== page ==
Majority of my focus was more social, going out, having fun and dating women, joining university societies: ANYTHING BUT academics. Health wise I was great as I spent a lot of time taking care of myself and looking good. In addition, I was in the gym lifting weights, exercising and building my physique 6 days a week 2 hours+ each time. You can begin to see a lot of my energy and focus went in the wrong direction.
Finally, concerning my spiritual life I was born a Christian, however over time in university I found myself distant from God and more interested in other things. I did not attend church or take my spiritual life seriously at all; I read the bible occasionally but that was it. I will come back to the impact I believe had on me( note: I understand some of you reading are not spiritual and I’m definitely not trying to stir a debate, however I will be doing a great injustice to this story if I did not share one of the factors I FELT was extremely important to my success.)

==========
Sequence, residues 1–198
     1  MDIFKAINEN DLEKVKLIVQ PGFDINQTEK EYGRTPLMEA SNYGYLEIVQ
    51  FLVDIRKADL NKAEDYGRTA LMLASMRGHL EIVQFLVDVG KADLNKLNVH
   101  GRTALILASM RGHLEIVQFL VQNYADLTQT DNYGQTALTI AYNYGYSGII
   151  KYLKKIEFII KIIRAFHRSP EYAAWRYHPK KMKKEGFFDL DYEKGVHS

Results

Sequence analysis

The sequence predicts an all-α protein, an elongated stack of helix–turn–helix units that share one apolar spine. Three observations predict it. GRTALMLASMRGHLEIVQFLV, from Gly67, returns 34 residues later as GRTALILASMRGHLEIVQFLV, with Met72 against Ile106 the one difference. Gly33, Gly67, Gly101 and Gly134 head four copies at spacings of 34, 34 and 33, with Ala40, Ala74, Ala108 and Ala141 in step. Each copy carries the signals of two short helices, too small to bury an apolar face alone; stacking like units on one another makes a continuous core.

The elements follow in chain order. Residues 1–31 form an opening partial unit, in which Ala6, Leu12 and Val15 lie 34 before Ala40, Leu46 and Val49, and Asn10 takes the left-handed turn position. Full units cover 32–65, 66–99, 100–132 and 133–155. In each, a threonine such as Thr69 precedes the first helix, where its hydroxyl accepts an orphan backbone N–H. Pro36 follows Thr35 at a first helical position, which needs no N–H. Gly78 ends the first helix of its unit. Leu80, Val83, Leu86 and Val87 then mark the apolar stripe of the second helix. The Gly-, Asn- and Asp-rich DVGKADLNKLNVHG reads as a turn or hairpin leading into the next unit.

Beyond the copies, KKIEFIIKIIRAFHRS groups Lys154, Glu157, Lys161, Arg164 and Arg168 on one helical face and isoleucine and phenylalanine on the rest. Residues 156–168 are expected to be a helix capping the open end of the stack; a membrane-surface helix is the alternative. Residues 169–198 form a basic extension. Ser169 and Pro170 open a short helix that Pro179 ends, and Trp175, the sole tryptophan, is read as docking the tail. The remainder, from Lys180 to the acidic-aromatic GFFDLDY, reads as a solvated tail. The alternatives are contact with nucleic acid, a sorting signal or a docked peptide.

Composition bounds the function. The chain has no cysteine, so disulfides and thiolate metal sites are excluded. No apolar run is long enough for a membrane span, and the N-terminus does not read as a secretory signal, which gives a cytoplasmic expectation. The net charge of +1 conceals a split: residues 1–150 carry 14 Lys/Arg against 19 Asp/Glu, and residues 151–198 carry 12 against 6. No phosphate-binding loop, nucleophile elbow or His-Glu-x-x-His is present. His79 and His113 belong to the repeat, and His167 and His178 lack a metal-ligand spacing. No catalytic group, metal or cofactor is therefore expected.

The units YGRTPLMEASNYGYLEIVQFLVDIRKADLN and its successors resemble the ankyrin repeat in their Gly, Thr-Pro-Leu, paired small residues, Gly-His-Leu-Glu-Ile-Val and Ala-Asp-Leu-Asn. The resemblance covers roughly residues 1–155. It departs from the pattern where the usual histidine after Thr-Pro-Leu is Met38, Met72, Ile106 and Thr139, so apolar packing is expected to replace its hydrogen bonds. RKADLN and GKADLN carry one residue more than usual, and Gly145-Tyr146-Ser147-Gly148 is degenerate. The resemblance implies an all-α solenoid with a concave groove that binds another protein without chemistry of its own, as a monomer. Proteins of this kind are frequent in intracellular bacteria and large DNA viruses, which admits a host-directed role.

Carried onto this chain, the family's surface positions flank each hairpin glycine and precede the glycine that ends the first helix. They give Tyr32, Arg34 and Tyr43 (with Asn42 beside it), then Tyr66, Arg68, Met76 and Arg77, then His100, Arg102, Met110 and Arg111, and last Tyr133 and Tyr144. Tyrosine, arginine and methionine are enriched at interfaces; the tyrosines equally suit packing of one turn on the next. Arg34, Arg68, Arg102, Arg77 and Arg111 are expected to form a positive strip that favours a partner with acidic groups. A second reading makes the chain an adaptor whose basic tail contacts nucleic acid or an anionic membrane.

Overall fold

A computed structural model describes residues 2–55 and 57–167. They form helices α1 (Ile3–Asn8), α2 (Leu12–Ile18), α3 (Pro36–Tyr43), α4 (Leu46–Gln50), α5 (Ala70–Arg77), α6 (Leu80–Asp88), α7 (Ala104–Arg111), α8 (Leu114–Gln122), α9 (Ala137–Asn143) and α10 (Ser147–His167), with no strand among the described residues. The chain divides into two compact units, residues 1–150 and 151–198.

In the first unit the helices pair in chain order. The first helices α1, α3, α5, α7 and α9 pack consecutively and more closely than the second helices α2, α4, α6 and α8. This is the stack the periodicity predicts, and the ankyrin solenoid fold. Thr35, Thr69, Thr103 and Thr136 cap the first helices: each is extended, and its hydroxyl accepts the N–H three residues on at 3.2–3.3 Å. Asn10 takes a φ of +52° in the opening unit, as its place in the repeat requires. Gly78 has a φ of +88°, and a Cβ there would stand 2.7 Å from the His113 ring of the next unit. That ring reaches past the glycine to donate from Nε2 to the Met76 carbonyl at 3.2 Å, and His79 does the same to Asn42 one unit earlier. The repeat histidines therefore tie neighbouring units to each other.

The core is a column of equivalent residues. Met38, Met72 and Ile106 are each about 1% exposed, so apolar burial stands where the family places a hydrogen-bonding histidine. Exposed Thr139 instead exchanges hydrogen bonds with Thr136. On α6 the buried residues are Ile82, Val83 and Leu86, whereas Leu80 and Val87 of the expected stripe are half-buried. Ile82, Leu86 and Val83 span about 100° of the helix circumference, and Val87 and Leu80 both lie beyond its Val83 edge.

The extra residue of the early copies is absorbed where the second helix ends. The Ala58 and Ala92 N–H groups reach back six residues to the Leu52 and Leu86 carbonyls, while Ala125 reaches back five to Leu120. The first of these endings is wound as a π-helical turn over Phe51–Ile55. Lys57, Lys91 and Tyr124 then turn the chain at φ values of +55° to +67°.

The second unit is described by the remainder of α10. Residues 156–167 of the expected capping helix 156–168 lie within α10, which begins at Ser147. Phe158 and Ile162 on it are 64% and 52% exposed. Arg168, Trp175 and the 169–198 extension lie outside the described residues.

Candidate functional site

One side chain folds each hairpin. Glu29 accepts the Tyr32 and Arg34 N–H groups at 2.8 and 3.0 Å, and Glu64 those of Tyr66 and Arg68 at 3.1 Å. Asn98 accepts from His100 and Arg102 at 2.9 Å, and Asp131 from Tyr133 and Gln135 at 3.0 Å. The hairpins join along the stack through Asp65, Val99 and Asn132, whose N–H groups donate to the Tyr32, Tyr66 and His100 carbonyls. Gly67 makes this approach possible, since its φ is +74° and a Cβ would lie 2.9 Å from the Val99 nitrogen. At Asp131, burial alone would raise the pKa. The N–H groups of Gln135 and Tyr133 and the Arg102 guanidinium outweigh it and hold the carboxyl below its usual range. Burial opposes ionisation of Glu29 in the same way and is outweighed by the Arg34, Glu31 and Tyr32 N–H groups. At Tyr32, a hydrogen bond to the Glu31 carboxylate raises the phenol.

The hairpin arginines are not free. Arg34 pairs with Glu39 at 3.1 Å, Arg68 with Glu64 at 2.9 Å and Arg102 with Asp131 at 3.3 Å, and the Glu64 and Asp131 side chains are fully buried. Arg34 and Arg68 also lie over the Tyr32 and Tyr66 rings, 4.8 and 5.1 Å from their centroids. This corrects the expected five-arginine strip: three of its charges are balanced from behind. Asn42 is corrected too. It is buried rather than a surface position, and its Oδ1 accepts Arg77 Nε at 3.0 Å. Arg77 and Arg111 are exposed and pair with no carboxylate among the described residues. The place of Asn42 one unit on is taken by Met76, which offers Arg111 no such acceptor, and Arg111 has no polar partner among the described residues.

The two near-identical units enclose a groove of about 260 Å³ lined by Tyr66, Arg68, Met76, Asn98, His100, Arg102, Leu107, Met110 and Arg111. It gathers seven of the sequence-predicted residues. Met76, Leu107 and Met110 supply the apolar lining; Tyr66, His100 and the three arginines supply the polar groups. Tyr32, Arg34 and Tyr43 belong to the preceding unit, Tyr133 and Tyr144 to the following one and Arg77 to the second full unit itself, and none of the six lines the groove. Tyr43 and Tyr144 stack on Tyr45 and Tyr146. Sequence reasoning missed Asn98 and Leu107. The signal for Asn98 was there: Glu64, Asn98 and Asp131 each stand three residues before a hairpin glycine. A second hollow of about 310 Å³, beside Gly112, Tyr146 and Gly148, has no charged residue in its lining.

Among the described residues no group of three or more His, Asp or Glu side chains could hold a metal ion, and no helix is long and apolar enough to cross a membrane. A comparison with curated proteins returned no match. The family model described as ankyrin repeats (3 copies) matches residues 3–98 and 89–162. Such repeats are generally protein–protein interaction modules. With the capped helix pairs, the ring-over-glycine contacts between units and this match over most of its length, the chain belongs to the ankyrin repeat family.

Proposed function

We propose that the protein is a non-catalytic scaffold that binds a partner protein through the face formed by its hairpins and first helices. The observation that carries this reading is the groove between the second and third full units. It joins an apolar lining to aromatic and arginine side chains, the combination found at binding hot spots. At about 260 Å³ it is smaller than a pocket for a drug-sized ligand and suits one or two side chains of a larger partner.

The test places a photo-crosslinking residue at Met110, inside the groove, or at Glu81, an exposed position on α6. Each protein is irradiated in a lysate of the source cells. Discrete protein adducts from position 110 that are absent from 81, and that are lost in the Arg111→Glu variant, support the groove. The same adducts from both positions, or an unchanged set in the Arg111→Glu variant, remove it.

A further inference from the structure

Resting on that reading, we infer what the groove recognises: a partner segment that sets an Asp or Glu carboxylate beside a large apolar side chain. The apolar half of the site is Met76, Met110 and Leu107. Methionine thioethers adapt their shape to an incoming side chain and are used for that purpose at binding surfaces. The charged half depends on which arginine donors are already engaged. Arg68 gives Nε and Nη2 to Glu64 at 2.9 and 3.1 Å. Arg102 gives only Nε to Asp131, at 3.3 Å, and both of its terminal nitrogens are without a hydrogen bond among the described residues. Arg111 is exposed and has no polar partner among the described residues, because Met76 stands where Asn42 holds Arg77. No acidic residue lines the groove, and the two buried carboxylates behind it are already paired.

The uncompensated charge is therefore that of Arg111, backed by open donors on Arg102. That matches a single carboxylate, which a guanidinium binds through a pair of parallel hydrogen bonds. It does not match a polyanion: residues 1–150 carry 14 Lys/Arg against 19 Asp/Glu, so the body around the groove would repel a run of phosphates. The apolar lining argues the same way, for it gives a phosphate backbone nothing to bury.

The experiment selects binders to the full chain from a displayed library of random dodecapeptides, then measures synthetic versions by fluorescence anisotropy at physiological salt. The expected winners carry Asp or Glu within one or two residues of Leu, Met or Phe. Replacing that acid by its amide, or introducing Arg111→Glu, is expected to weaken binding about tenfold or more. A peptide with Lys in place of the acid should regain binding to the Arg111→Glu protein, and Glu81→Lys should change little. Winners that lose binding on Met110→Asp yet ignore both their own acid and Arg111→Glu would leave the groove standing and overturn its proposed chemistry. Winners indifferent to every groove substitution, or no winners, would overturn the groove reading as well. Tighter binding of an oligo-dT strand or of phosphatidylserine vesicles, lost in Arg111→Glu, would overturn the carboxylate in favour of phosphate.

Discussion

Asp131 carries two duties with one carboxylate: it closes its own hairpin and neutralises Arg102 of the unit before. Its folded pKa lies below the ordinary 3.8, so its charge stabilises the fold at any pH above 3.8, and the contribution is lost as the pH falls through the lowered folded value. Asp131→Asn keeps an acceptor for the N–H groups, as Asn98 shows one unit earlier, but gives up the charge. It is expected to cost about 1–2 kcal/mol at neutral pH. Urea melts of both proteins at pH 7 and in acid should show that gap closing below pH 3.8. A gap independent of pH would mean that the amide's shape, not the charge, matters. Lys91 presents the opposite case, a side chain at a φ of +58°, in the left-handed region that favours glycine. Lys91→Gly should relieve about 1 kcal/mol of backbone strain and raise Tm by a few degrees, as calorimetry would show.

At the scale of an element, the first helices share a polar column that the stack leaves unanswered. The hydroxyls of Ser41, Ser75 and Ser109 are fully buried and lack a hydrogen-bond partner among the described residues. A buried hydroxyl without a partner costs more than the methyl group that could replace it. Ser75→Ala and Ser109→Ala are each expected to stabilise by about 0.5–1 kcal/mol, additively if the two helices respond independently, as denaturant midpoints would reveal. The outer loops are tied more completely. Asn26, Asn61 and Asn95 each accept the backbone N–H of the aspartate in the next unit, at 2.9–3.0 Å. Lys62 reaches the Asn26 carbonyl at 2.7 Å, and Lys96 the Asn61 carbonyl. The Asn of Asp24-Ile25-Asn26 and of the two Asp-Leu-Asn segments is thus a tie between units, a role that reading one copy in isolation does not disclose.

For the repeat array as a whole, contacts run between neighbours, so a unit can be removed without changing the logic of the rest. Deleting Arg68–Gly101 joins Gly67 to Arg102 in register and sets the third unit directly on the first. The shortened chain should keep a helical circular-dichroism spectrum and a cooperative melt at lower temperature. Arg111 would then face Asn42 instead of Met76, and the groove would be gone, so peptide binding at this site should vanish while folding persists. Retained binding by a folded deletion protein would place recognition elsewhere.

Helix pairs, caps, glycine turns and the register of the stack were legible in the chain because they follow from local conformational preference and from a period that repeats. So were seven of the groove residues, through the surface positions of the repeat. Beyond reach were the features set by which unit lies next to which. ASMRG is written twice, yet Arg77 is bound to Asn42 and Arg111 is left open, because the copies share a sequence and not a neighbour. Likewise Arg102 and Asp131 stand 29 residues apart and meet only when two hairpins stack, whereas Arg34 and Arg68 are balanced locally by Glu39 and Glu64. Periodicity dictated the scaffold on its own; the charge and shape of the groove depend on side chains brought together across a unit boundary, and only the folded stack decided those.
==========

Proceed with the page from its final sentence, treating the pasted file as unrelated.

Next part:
Now that you may have possibly spotted out a few things that I may have done wrong in my second year, you may have also noted that my quadrant balance was not healthy. My academic and Spiritual side were low, however my social and health were very high.
When I started my final year I knew I was against the odds. I knew that I needed first class marks to graduate with a good degree. And this time I WANTED IT BADLY. I was willing to do whatever it took to make this happen.
Final year adjustments:
As far as the academic quadrant my first point of reference was my University tutor. Just like many other students I never spoke to him during the other years, now I needed help. “Sir” I said… “How can I achieve a first class average this year,” after a quick glance at my previous years marks he quickly noted I had never even had a SINGLE first class mark in any module. He told me it was a feat he felt was very unlikely and he can’t remember last time such happened.
After speaking to him, I spoke to other lecturers and tutors who would be teaching my modules , my core questions were “What do you expect from me as a student”, “What would it take to get a first in X module.” General consensus: Go through all books and documents on reading outline / list (on the electronic blackboard), come to office hours to ask questions, focus on understanding not rote memorisation, work daily on material and then they said something very interesting.